Raiders

Raiders practice 2: Heeney gets green dot, will man the middle

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Raiders practice 2: Heeney gets green dot, will man the middle

NAPA – Raiders linebacker Ben Heeney will have a green dot on his helmet this season. That identifies the helmet with a direct line to defensive coordinator Ken Norton Jr., who calls plays Heeney will relay to the team in games.

It’s a job typically given to an interior linebacker always in the mix. It signifies a few things beyond the obvious: The Raiders feel comfortable with the 2015 fifth-round pick at middle linebacker, coordinating their effort from the center of the hive.

“It’s been the goal the entire time,” Heeney said after Saturday’s practice. “I’m happy to be there, and I’ll do whatever I can to keep the spot. Coach Norton has confidence in me heading into the second season.”

Heeney feels comfortable in an important role, one he manned all offseason prepping for this camp.

“Last year I was all over the place, not really knowing what I was doing,” Heeney said. “I feel really secure in knowing what to do.”

Heeney is an aggressive playmaker, someone many have said operates like his hair’s on fire. The Raiders like his tenacity and believe continued technical development will help him become a steadying presence alongside Malcolm Smith forming a duo that must tackle well in wide-open space.

“There were times were I was overaggressive last year, and that was one of the knocks on me coming out of college,” Heeney said. “I was supposedly a guy who missed a lot of tackles or whatever. I play aggressive, but I have a bunch of good coaches who have brought me along. I’ve had a lot of help to get me where I am. I’m happy where I’m at right now, and hoping to have a good camp.”

Catch of the day: Matt McGloin threw two interceptions and one of the day’s prettier passes. The backup dropped a perfectly-arched rainbow to Andre Holmes down the left sideline the tall receiver hauled in well.

Hayden’s second pick: Cornerback DJ Hadyen snagged his second interception in as many days on Saturday, stepping in front of a Matt McGloin pass before breaking free for what would’ve been a pick-six. Hayden has fared well in coverage thus far, both as a first-team slot cornerback who moves outside with the second unit.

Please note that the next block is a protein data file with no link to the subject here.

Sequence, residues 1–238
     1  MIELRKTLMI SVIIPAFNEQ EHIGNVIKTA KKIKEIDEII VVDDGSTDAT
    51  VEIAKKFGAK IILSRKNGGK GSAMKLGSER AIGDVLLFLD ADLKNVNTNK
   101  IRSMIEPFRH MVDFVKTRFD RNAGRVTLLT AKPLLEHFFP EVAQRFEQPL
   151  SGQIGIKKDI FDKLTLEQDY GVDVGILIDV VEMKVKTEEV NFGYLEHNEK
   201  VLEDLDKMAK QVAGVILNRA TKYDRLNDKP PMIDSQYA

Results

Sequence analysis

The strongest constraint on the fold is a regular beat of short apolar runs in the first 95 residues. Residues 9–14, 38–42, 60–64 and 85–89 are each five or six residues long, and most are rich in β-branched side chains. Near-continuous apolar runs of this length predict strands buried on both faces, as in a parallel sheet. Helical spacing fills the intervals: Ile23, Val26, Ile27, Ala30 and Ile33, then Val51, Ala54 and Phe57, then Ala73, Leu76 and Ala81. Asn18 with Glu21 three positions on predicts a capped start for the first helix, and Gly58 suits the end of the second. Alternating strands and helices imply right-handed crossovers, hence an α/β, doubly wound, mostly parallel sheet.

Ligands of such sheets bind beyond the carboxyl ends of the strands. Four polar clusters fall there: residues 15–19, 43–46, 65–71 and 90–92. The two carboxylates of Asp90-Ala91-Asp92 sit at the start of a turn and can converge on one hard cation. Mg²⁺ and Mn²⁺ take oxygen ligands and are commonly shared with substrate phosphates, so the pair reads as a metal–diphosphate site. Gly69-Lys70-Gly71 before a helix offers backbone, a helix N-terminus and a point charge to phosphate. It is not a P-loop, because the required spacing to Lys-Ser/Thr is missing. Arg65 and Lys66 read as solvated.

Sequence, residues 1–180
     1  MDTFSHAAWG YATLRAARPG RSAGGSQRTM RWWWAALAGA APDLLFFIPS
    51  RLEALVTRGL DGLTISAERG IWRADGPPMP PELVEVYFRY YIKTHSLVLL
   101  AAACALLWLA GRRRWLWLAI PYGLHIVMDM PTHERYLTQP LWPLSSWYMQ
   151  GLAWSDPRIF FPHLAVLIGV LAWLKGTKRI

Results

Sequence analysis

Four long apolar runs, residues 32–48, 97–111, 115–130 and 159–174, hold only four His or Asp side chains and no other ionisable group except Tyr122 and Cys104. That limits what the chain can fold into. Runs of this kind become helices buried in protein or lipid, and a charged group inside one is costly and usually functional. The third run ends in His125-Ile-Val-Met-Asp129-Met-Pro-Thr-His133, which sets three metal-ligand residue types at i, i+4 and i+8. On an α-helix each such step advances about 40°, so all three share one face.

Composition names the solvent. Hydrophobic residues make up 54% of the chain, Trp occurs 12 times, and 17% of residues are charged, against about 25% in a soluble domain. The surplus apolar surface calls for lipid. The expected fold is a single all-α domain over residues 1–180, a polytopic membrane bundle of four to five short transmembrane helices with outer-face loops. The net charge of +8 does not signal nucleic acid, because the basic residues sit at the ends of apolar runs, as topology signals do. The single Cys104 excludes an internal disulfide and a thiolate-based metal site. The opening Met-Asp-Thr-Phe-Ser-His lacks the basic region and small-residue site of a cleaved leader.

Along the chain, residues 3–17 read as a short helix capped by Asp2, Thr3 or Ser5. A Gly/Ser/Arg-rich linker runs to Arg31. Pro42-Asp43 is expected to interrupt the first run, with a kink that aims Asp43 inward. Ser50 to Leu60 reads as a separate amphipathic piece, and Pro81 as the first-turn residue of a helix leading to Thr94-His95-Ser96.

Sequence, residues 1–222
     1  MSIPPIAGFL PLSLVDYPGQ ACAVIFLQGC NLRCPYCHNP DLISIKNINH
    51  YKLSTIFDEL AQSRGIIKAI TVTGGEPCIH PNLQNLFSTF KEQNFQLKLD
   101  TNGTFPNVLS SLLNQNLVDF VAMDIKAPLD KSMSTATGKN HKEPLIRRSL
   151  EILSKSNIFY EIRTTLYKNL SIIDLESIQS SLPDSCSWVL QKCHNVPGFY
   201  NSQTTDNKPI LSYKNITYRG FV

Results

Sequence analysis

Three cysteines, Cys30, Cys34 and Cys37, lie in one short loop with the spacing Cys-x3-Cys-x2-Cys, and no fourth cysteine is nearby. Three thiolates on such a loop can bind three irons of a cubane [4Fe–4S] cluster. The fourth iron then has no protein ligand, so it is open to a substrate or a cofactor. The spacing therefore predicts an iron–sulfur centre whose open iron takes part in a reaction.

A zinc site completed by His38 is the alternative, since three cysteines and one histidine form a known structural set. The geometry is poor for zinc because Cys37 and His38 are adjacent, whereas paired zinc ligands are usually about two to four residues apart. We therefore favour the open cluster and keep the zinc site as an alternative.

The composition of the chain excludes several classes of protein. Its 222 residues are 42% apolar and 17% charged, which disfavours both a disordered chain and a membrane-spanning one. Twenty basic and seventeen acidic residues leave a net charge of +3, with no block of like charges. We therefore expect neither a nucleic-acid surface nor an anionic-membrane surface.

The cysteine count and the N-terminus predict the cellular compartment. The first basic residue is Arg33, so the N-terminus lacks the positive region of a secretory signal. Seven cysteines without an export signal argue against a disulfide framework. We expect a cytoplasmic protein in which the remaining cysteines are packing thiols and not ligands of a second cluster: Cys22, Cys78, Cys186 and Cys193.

Heeney pops one free: Ben Heeney got stuck covering Amari Cooper over the middle, a mismatch that clearly favors offense. It was no surprise that Cooper got open and caught the pass, but Heeney stuck with the play. The second-year linebacker jarred the ball loose, recovered his own forced fumble and ran it back to the end zone.

Daily transactions: None
Returned to practice: N/A
Did not practice: No one
Physically unable to perform list: DL Denico Autry, DL Greg Townsend Jr.
Next practice: The Raiders will practice on Sunday morning, and is the first session in pads. That’s always a spirited affair for players who haven’t strapped them on since December.

NFL rumors: Raiders work out running backs LeGarrette Blount, Bo Scarbrough

NFL rumors: Raiders work out running backs LeGarrette Blount, Bo Scarbrough

Through the first six games of his NFL career, Josh Jacobs has been everything the Raiders hoped he'd be, and the rookie running back clearly is a front-runner for NFL Offensive Rookie of the Year honors. Still, he soon will enter uncharted territory.

Jacobs never was a full-time bell cow throughout his college career. Over three years at Alabama, he totaled 251 carries, never topping more than 120 in any single season. Of the 122 carries by Raiders running backs so far this season, 88 of them have gone to Jacobs.

The rookie has been productive with those attempts, averaging 4.9 yards per, and he has scored five touchdowns. Oakland has increased his workload in the wake of several injuries to its wide receivers, culminating with a career-best performance in the Raiders' Week 6 win over the Bears, in which Jacobs rushed 26 times for 123 yards and two scores.

At 5-foot-10, 220 pounds, Jacobs has the physical traits to be an every-down back. But behind him are two similarly sized backs in Jalen Richard and DeAndre Washington, both of whom are 5-8 and between 205 and 210 pounds. With Jacobs' backups being diminutive in stature, the Raiders reportedly went looking for a bigger-bodied bruiser.

ESPN's Field Yates reported Wednesday that Oakland worked out two free-agent running backs, both of which immediately would become the largest running back on the Raiders' roster, if they were signed.